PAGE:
We have found that our new clamp and combination of clamp and electrode readily overcome these difficulties of the prior art. Thus there are no threads exposed to the action of the cell fluids which can be attacked and thus cause a breakage of the electrode and/or an increase in the electrical resistance at that point. Our combination of clamp and electrode can be quickly assembled and the electrode quickly installed merely by heating the clamp to a high temperature to cause expansion of the clamp which is then allowed to cool after insertion of the electrode into the opening or openings defined by the base and side portions of the clamp or clamps.
We have also found that instead of heating the clamp to expand it and then allowing it to cool and contract on the electrode material, that we can cool the electrode to a low temperature, insert it in the metal clamp holder and then allow the electrode to warm which will force it tightly against the clamp. Obviously, any combination of heating and cooling may be used.
Another advantage of our new clamp and electrode assembly is that it allows the electrode to be flexible in the plane perpendicular to the cell cover while being held comparatively rigid in other planes. This allows the carbon electrode to move slightly with the cell electrolyte in the event of an explosion in the cell and prevents the electrodes from being broken as would be the case with a non-flexible clamp. Moreover, our method of shrinking the clamps onto the carbon electrodes does away with exposed threads, tapped holes, drilled through bolts etc. and takes advantage of the high compressive strength associated with carbon electrodes. Also, the
enormous pressure produced by the shrinkage of the metal on the electrode prevents the clamped areas from being attacked by seepage of the electrolyte liquors.
Another feature of our invention is that as much flexibility of the electrode may be designed into the clamp as is needed to meet the requirements of any particular electrochemical operation. Thus, the clamp of FIGURE 1 will hold an electrode in a fairly rigid position but will still permit some vibration in a plane perpendicular to the plane of the clamp holder. This amount of movement or vibration in that plane can be increased by decreasing the thickness of the flat depending, connecting plate 12 of the form of our invention shown in FIG- URE 1, or the thickness of the flat, spaced depending connecting plates 27 of the form of our invention shown in FIGURE 2. Likewise the vibration or movement in that plane can be reduced by increasing the thickness of said connecting plate 12 or the thickness of the said spaced connecting plates 27.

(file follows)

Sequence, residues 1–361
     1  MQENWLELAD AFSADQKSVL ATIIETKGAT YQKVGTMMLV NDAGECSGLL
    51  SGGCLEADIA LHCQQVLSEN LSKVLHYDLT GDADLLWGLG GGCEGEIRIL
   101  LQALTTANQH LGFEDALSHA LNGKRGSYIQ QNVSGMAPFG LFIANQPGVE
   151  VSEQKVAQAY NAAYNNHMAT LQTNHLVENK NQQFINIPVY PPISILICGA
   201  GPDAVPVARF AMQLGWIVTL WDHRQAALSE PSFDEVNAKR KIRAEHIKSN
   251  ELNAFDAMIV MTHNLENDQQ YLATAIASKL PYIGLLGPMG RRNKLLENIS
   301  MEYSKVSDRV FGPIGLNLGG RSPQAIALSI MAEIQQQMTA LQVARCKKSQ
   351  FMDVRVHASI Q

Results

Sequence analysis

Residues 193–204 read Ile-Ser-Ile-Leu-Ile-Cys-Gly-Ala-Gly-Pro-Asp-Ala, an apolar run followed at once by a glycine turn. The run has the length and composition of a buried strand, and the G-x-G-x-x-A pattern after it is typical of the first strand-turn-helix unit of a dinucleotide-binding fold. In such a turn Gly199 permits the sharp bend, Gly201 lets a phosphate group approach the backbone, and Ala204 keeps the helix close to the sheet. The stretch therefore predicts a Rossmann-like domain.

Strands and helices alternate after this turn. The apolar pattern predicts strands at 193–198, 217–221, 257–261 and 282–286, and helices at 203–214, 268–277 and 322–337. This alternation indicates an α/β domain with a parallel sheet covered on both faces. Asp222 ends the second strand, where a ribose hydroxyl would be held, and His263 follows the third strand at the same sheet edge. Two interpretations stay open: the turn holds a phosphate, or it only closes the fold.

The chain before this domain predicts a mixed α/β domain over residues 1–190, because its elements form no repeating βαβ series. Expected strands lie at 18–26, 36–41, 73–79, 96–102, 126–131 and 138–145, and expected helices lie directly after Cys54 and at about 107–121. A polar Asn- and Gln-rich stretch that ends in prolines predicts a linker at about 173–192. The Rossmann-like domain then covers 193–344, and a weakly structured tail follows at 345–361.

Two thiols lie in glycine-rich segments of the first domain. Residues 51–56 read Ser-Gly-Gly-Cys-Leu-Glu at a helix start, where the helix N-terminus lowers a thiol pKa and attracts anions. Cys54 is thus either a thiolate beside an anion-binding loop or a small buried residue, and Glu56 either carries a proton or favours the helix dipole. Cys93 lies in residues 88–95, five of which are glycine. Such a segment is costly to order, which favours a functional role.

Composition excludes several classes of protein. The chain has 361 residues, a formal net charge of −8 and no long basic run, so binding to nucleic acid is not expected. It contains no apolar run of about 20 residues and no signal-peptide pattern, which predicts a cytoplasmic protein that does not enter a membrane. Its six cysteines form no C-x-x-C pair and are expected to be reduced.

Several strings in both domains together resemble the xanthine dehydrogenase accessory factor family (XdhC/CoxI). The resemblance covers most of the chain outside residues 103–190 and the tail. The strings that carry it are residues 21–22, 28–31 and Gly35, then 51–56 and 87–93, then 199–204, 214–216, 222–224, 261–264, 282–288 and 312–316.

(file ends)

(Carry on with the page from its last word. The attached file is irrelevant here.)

Another means of increasing the flexibility and movement of the electrodes in a plane vertical to the clamp holder or cell cover is to provide a clamp having a plurality of horizontally-spaced and aligned individual clamping members as shown by 24 in FIGURE 2. This is particularly suited to electrode materials which are fragile and easily cracked such as carbon electrodes. The use of the plurality of such individual clamps permits great flexibility in the plane perpendicular to the plane of the clamp support plate member (11 in FIG- URE 2) or the cell cover.
In applying our invention to the manufacture of fluorine by electrolyzing hydrofluoric acid in an electrolyte comprising molten potassium acid fluoride containing about 4(% hydrofluoric acid by weight, we have used the metal clamp of FIGURE 1 and the series of spaced clamps of FIGURE 2 constructed of beryllium copper, with a dense amorphous carbon electrode. The carbon anodes were first machined so that the interior dimension of the clamp member, see 13 in FIGURE 1 and 24 in FIG- URE 2, was a few thousandths of an inch less in width than the exterior width of the carbon anode 32 of FIG- URE 3 which was 2 inches thick. The beryllium copper clamp was then heated in a welding flame to a red heat, the carbon anode was inserted in the holder and the clamp was allowed to cool thereby tightly gripping the carbon anode.
We found that in operating up to current densities of amperes per square foot with carbon anodes size 2" x 5" x 25 that long anode life was obtained by our shrink-on clamps.
The shrink-on or compression type clamp of our present invention has the particular advantage of ready mounting which we found to be of great importance in reducing maintenance costs in the fluorine cell operation. Moreover, the great number of anode failures due to seepage of electrolyte into cracks in the carbons and failure due to cracking of the carbons from bolt holes was entirely eliminated. We also noted that there were no failures of the carbons due to explosions in the cell which was attributable to the fact that our clamp was also quite flexible.
We have found our new clamp and electrode clamp assembly to be applicable to all forms of carbon electrodes including graphite.